Deep Soil Cores N-Mineralization

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Soil cores collected under mesquite (Prosopis glandulosa) trees at several sites and under Larrea at one site at the Jornada LTER were incubated to determine the N-mineralization potential.

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Field and electronic data sheets

*Undisturbed soil cores from the rooting zone of three trees in each ecosystem were removed using a split steel, continuous sampling tube, 1.56 m long with 6.5 cm i.d. This coring device, mounted on a truck, was modified from Kelley et al. (1947). The split-tube bit fits into an outer, rotating auger bit that served as a continuous casing to prevent cave-in. As the outer bit cut through the soil, the inner, nonrotating bit was pressed into the soil. Cores were collected at the edge of the mesquite canopy. The core retainer and the two halves of the split sampling tube were cleaned of all residual soil. Their interior surface was flame sterilized with 95% ethanol before being put together for sampling. Soil samples were removed from the surface 1 m of soil in 0.5 m increments, and thereafter in 1 m increments. Flame sterilized trowels and spatulas were used to replace each depth increment into a clean plastic bag. These were put into icecooled chests, and transported to the Univ. of California, Riverside, where they were subdivided for analysis. Drilling depth for each core was determined by either the absence of roots in two consecutive 1.56 m sampling tube lengths, or the presence of coarse, dry loose soil that could not be retained in the tube. The number of cores (three per ecosystem per sampling) collected was limited by the expense of obtaining the specialized drilling equipment used in this study. Sampling dates at New Mexico were in January 1986, the midpoint of the dormant season; late May 1986, during peak growth; and early October 1986 following the summer rains. The grassland site was not sampled on the Jan-Feb drillings. Each bag of soil representing a depth increment was mixed thoroughly before subsampling. Using trowels and spatulas flame sterilized with 95% ethanol, each soil sample was sub-divided for various analyses. Gravimetric water content of the soil samples was determined at the time of subsampling(weight of water/weight of dry soil). Soils for chemical analysis were then air-dried in a glass-house, ground to break-up clay and caliche aggregates, and passed through a 2 mm sieve. Soil subsamples for nutrient analysis were placed in polyethylene bags and stored at 2 to 7!C to maintain soil moisture content at field levels until the start of the incubations. After sieving (2-mm mesh), duplicate 25-g soil samples in 40-ml plastic vials were covered with 0.5 mil (0.0125-mm thick) polyethylene film to permit aeration and reduce moisture loss (Bremner and Douglas, 1971; Westermann and Crothers, 1980). The samples were incubated at 29!C for 1 week (one full set) and 4 weeks (duplicate set). Moisture content was adjusted to 0.1 g/g as the soils were placed in the vials and was maintained weekly using a syringe to add water through a small hole in the polyethylene film (Fisher et al., 1987). Soils were extracted with 2N KCl (Keeney and Nelson, 1982) for exchangeable NH4+ and NO3- and analyzed colorimetrically on a Technicon autoanalyzer.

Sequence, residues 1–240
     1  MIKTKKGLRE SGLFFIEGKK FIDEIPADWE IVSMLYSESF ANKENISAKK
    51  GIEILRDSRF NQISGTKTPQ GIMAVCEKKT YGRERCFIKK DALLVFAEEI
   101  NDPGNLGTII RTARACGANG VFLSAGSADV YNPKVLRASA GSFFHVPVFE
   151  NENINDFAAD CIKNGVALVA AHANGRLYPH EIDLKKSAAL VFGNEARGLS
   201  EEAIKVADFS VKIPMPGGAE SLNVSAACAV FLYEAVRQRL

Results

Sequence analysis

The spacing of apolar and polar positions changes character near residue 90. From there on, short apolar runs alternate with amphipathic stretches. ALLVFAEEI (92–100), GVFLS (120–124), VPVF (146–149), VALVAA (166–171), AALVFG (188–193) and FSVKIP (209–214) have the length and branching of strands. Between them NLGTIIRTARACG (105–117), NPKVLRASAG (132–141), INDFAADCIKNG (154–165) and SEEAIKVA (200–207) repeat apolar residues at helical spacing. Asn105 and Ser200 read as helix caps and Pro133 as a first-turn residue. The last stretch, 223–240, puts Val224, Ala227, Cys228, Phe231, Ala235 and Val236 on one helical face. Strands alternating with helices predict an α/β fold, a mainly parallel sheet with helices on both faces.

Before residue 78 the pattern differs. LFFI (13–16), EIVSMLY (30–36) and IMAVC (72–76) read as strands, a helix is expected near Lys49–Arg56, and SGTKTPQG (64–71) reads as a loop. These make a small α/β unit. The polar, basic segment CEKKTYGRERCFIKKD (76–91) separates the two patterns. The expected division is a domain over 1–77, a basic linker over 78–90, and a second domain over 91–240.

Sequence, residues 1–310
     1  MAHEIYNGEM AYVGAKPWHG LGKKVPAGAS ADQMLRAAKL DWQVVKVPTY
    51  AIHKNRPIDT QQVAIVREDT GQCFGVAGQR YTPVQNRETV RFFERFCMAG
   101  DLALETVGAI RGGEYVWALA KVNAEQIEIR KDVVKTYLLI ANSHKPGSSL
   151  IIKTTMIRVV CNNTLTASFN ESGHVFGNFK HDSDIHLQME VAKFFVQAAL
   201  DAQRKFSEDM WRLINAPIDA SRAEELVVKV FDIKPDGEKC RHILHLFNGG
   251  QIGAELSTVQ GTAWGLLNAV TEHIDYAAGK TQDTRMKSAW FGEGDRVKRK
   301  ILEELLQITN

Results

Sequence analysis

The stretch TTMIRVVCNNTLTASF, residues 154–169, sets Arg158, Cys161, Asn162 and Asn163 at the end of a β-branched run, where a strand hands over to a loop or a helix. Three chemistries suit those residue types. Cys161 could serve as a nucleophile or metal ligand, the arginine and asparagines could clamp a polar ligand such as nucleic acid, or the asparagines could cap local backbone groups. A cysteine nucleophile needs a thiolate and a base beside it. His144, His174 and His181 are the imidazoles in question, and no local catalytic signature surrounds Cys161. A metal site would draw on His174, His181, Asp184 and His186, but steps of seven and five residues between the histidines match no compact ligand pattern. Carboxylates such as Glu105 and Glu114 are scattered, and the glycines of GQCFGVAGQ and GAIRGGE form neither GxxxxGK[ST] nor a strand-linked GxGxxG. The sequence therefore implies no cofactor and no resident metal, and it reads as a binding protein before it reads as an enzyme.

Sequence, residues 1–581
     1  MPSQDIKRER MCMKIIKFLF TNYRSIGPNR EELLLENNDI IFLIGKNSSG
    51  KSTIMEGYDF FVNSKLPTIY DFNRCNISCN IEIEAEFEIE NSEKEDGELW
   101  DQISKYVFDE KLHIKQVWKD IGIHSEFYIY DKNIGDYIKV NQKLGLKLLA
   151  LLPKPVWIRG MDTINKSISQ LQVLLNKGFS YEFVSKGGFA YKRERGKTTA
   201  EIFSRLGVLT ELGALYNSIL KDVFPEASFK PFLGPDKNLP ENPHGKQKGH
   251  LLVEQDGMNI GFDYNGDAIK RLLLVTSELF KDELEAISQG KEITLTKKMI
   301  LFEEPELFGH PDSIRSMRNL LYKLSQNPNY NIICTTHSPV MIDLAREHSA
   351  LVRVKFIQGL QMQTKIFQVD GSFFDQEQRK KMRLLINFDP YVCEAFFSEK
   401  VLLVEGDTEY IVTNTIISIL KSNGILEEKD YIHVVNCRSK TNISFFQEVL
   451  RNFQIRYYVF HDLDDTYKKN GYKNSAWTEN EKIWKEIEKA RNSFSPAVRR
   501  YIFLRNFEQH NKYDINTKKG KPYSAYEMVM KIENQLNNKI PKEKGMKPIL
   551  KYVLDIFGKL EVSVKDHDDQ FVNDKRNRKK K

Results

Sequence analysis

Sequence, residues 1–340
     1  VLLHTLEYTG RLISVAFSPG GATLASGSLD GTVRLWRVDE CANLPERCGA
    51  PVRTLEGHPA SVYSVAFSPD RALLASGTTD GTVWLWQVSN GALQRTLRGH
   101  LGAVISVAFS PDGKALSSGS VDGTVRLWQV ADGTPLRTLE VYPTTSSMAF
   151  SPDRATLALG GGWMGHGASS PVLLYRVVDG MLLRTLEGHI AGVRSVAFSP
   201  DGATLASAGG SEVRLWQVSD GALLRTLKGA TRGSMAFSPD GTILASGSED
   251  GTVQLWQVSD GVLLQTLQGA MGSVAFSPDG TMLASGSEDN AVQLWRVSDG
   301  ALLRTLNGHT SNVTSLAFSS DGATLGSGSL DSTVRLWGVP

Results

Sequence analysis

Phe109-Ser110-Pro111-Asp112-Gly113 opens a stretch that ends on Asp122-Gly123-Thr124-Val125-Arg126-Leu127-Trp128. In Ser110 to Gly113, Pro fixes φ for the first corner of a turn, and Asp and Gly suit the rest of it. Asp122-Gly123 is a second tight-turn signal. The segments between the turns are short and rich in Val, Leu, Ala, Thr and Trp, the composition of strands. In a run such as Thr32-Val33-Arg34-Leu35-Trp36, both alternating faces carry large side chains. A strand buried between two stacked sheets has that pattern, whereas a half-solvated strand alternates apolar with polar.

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*Four mesquite ecosystems were stuided: playa, coppice dune, arroyo, and grassland. An ecosystem dominated by the non-legume, Larrea tridentata, and lacking mesquite was included as a reference. The arroyo, grassland, Larrea and a playa site were loacated on the NSF Jornada Long Term Ecological Research (LTER) site situated 40 km north of Las Cruces, NM, in the northern Chihuahuan desert. A coppice mesquite dune site was located on the adjacent USDA Jornada Experimental Range about 15 km from the above sites.


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